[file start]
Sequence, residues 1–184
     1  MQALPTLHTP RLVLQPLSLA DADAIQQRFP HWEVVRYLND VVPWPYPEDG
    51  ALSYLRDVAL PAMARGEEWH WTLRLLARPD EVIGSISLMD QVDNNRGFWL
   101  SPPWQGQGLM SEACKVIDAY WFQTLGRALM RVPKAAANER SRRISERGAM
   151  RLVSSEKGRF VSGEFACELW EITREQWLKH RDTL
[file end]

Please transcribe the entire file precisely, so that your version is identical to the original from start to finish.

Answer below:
Sequence, residues 1–184
     1  MQALPTLHTP RLVLQPLSLA DADAIQQRFP HWEVVRYLND VVPWPYPEDG
    51  ALSYLRDVAL PAMARGEEWH WTLRLLARPD EVIGSISLMD QVDNNRGFWL
   101  SPPWQGQGLM SEACKVIDAY WFQTLGRALM RVPKAAANER SRRISERGAM
   151  RLVSSEKGRF VSGEFACELW EITREQWLKH RDTL